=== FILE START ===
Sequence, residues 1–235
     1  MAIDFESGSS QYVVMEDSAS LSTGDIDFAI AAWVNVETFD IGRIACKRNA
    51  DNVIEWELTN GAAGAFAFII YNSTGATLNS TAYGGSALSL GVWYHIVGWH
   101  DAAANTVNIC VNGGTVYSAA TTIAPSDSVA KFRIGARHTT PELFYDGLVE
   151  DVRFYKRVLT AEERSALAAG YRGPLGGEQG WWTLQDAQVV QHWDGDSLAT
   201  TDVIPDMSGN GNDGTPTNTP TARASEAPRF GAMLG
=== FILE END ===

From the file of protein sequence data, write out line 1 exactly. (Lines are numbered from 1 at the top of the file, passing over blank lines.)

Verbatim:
Sequence, residues 1–235